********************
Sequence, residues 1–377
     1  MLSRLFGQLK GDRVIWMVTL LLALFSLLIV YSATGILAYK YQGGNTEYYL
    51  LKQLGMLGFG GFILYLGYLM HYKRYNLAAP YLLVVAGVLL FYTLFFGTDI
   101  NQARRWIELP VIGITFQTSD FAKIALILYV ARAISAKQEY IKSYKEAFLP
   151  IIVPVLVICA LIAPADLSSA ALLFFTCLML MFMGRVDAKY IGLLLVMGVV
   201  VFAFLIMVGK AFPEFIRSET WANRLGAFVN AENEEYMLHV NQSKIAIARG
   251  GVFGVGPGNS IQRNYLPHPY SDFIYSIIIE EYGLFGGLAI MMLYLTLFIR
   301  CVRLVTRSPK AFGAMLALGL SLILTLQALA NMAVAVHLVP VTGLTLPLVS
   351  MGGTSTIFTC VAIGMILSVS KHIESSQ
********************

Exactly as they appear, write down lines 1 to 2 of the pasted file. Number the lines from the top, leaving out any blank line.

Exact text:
Sequence, residues 1–377
     1  MLSRLFGQLK GDRVIWMVTL LLALFSLLIV YSATGILAYK YQGGNTEYYL